are people still wanting to come here rather than claiming asylum in


France? It is far from the end of people wanting to come to the UK.


Why would they not want to? It is our vibrant economy and welcoming


place. In terms of the problems in Calais, it is probably the end of


the Jungle because of the determination of the French and


British governments that this should end. It has deeply affected the


politics of both countries. The question is surely that those


migrants are entitled to claim asylum in France, in a safe country,


not at threat, they should presumably not want to come to the


UK. I have numbers on work and benefits, compared between the UK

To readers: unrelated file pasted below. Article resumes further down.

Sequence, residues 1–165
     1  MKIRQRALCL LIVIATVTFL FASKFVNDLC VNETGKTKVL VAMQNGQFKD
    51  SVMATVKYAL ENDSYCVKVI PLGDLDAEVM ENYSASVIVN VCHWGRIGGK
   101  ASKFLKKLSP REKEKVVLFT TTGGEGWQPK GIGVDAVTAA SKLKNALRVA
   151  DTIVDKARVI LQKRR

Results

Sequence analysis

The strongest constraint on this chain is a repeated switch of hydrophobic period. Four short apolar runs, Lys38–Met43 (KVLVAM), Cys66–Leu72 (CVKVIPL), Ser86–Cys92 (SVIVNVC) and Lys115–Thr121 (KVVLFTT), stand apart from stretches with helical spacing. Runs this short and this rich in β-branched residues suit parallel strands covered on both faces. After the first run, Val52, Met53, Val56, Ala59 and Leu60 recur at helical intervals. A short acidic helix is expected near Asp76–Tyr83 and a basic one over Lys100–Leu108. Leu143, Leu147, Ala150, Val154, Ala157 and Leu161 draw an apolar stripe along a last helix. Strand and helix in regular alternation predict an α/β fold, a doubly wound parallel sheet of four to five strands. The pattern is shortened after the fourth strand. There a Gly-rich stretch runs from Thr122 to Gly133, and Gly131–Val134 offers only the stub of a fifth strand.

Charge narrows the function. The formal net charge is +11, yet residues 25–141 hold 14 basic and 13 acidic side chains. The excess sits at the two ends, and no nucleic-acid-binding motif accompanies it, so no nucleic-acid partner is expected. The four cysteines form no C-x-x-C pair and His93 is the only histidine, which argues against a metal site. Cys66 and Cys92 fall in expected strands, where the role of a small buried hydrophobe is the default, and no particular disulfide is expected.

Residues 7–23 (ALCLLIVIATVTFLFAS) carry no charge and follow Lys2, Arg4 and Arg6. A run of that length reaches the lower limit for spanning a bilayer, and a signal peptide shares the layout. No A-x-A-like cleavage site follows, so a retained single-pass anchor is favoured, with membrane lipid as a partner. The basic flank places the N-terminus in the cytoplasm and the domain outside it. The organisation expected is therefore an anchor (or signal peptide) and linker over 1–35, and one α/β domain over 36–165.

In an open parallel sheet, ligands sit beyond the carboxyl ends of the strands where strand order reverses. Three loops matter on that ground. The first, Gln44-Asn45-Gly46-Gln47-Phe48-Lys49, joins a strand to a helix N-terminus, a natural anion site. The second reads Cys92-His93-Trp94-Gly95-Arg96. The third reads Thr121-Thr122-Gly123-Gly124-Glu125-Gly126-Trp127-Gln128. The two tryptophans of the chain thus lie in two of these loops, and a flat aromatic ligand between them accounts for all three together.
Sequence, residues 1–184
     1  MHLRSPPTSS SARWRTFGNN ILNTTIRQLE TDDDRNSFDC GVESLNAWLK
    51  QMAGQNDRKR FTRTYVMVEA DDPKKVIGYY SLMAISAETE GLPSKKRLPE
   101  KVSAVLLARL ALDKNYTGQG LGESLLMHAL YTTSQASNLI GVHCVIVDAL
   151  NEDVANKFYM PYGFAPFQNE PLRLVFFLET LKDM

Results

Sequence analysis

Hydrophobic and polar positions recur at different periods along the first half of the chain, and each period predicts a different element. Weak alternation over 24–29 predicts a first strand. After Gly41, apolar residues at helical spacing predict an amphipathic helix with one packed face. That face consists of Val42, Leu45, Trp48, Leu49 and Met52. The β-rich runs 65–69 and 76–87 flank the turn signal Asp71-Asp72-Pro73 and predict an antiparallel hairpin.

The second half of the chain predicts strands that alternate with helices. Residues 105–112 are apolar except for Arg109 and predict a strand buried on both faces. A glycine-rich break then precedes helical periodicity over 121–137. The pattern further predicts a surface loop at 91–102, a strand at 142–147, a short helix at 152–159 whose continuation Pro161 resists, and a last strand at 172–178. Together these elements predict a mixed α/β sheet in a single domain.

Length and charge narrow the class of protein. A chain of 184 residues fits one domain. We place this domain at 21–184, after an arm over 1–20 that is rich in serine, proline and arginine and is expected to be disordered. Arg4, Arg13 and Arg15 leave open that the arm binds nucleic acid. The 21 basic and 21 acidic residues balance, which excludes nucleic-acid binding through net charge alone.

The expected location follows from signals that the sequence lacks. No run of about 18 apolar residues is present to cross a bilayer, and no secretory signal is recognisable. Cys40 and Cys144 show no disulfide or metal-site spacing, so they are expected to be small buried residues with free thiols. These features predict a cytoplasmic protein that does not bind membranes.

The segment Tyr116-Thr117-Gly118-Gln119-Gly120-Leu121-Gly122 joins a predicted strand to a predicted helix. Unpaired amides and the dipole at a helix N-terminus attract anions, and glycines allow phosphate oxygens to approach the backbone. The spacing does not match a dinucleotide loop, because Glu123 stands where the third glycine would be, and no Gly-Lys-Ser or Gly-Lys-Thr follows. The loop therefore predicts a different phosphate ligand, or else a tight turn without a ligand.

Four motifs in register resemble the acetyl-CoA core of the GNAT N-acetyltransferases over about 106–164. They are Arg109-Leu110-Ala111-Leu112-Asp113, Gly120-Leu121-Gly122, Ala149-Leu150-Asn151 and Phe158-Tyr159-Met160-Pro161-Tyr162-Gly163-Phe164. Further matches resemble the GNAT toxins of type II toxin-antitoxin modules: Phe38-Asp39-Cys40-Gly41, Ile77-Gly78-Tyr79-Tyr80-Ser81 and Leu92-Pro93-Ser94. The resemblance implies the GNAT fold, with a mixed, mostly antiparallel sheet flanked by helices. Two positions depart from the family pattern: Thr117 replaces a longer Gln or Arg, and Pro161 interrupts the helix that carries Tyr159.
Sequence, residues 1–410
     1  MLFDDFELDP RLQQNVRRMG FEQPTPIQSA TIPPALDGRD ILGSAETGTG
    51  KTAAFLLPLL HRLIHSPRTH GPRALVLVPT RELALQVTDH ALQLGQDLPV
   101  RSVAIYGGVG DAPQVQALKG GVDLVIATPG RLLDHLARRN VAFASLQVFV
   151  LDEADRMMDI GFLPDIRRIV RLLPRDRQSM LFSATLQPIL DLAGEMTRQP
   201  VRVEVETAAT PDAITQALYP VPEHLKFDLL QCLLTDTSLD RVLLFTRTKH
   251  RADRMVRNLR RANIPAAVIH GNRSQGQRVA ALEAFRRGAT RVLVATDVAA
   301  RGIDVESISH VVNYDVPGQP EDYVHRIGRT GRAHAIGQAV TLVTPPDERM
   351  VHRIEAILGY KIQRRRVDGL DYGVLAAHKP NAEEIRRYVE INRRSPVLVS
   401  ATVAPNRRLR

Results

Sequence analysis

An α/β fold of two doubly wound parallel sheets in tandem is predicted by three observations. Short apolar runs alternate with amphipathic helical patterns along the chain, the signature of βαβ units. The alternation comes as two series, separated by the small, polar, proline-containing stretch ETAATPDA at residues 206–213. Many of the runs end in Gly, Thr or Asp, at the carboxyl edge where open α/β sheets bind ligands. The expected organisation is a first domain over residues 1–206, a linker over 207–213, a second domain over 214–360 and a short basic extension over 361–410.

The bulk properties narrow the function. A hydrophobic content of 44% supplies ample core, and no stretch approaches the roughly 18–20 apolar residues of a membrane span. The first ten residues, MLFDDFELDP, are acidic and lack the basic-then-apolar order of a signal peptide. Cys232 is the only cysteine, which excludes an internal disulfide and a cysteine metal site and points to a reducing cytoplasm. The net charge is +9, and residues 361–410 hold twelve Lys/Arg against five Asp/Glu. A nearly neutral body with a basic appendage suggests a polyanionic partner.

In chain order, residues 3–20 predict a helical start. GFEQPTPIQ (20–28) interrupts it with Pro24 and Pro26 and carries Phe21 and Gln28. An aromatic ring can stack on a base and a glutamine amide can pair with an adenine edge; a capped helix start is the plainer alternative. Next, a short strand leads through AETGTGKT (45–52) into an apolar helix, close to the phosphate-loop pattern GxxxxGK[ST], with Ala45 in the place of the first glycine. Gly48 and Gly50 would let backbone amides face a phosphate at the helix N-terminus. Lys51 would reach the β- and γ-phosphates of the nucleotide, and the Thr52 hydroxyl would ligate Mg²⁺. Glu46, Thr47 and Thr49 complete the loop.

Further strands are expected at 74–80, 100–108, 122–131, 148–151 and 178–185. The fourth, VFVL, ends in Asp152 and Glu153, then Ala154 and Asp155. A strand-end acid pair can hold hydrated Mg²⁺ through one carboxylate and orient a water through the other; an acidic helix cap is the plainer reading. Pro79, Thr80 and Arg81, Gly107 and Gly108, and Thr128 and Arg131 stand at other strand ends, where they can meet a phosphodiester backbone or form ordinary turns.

and France, and that is not huge difference. Great Britain is great


for many reasons, the culture is extraordinary and people are


attracted to it, and they also have family and language links. They can


hardly be blamed for trying to improve their life. It makes them


economic migrants though, once they have got to safety, trying to


improve their life. If their asylum claims are meant to be assessed in


the country were the first land in Europe, but that system has been in


disarray for a long time. Is the French dispersal system going to


work? Will they be able to quickly and easily claim asylum in France


and will that alleviate the build-up? You also have to remind


people that unaccompanied minors have a different status and they


have to be given special conditions and treatment to avoid things like


trafficking. With dispersal, France has put a lot of effort into this


and it wants the problem to go away. It is treating political problems